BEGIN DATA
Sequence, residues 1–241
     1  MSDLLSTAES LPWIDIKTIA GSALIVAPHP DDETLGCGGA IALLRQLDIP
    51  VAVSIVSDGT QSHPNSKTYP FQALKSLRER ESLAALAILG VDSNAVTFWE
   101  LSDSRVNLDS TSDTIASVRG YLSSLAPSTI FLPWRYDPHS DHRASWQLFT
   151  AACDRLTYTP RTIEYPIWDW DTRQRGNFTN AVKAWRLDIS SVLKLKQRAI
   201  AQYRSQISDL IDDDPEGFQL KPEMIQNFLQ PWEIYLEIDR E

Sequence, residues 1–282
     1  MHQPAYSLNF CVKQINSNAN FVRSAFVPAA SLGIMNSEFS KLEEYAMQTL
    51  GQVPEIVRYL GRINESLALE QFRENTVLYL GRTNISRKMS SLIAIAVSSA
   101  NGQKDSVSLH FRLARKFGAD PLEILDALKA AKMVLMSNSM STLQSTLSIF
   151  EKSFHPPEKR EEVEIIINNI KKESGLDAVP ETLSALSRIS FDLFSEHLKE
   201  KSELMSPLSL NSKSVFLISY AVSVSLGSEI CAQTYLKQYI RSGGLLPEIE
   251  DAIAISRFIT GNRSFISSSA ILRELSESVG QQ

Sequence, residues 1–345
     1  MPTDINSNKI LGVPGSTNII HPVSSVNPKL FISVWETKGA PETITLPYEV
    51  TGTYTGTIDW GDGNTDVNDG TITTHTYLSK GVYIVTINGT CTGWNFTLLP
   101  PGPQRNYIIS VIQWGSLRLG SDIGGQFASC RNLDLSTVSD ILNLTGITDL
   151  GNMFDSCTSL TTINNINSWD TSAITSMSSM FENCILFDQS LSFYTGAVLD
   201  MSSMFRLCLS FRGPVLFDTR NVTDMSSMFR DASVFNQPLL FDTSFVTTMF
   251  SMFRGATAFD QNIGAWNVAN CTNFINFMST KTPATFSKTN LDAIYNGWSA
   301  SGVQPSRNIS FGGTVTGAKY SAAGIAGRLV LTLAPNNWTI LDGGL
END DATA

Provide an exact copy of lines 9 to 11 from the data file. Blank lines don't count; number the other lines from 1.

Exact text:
    51  GQVPEIVRYL GRINESLALE QFRENTVLYL GRTNISRKMS SLIAIAVSSA
   101  NGQKDSVSLH FRLARKFGAD PLEILDALKA AKMVLMSNSM STLQSTLSIF
   151  EKSFHPPEKR EEVEIIINNI KKESGLDAVP ETLSALSRIS FDLFSEHLKE